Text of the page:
On the other hand, an Ossoff and Warnock double-victory would give Biden a level of political leeway in Washington. He might be able to implement parts of the progressive Democratic platform. But the incredibly slim Democratic Senate majority (with the Vice President breaking the tie), coupled with the diminished Democratic House majority, would give outsized political influence to moderates who will look to temper the party’s progressive wing. One of the more notable of these moderates is Joe Manchin of West Virginia. Manchin, a Democrat who has collaborated with Republicans in the past, has also distanced himself from the left wing of his party.

Ultimately, it is likely that Biden will be the only Democrat to enter the Oval Office with a first term Republican-controlled Senate since Grover Cleveland in 1885. This doesn’t, however, guarantee gridlock. Many in Washington, and many, many more across the country, are tired of the vitriolic partisan bickering that has characterized politics for a generation. A Democratic president with a Republican-dominated Senate provides an opportunity for moderates to exercise influence over which bills hit the Senate floor. And based on his campaign message and announced cabinet picks, Joe Biden appears to be willing to compromise across party lines. The last thing he wants is to be perceived as the president that couldn’t get anything done during a global pandemic.

Loeffler vs. Warnock

Kelly Loeffler is a wealthy businesswoman who, prior to entering politics in 2019, was communication director at the Fortune 500 financial company Intercontinental Exchange. Initially thought to be a political moderate, since taking office Loeffler has aligned herself closely with President Trump. She and Senator David Perdue called for the resignation of Brad Raffensperger, the Republican secretary of state, because of alleged fraud in the presidential election (a claim that no court validated). Marketing herself as the most conservative Republican senator, Loeffler espoused conservative views on LGBTQ+ rights, immigration, economic regulations and the Second Amendment. She has attacked Warnock as a Marxist radical, alleging that he wants to abolish the police and highlighting his support of the Black Lives Matter movement, which she claims is violent.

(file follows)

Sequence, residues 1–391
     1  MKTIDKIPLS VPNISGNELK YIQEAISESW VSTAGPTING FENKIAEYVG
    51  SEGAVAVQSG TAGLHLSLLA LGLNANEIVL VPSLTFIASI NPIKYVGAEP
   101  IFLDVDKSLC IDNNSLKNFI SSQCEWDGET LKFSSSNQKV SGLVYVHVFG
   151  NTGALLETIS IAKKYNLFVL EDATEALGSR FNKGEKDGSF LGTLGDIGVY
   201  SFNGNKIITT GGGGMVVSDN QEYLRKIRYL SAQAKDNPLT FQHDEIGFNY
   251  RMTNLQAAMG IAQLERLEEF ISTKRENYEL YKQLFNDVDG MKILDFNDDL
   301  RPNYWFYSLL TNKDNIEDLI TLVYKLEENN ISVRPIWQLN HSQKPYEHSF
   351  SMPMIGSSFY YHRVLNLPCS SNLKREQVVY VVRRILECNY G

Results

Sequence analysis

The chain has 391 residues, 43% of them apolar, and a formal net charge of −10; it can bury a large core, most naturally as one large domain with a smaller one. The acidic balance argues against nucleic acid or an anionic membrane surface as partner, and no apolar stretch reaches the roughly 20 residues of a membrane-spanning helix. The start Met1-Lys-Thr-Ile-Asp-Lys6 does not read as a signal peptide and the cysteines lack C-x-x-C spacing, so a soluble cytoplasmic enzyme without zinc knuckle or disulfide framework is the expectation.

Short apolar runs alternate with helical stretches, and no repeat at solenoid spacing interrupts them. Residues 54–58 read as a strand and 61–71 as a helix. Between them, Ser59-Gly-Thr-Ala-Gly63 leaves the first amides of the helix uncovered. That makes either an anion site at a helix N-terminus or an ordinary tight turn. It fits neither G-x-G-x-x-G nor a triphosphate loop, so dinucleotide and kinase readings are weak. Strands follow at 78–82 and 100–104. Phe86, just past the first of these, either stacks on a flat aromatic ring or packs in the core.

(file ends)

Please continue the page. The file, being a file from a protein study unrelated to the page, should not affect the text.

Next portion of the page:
Raphael Warnock is the senior pastor at the historic Ebenezer Baptist Church in Atlanta, where Martin Luther King Jr. was pastor. Warnock has been honored numerous times for his leadership in the African American community in Georgia. His views place him on the left side of the Democratic Party, and he supports abortion rights, gay marriage and the Black Lives Matter movement. He advocates expanding the Affordable Care Act, which Loeffler wants to repeal.

Perdue vs. Ossoff 

David Perdue (R) served as the CEO of Pillowtex, Reebok and Dollar General before he was elected to the U.S. Senate in 2014. One of the wealthiest members of the Senate, Perdue campaigned as a businessman, job creator and advocate for the working class. Perdue is a social conservative and strong Trump supporter who focused his run for reelection on economic issues. He co-sponsored the RAISE act, which would reduce legal immigration to the United States. During the 2020 election, Perdue made false accusations that Ossoff was endorsed by the Communist Party and also made several derogatory, anti-Semitic references towards Ossoff. 

Jon Ossoff worked as an investigative journalist before getting into politics. Ossoff was the national security staffer to Congressman Hank Johnson before running unsuccessfully in the 2017 special election in Georgia’s 6th congressional district. Ossoff sought to avoid the leftist label, yet he supports progressive policies on climate change, the Affordable Care Act and women’s reproductive rights. He has been a vocal opponent of the Trump administration. 

Center for the Study of American Democracy student associates Max Ohnesorge ’21, Rose Fisher ’22 and James Henderson ’23 collaborated on this analysis.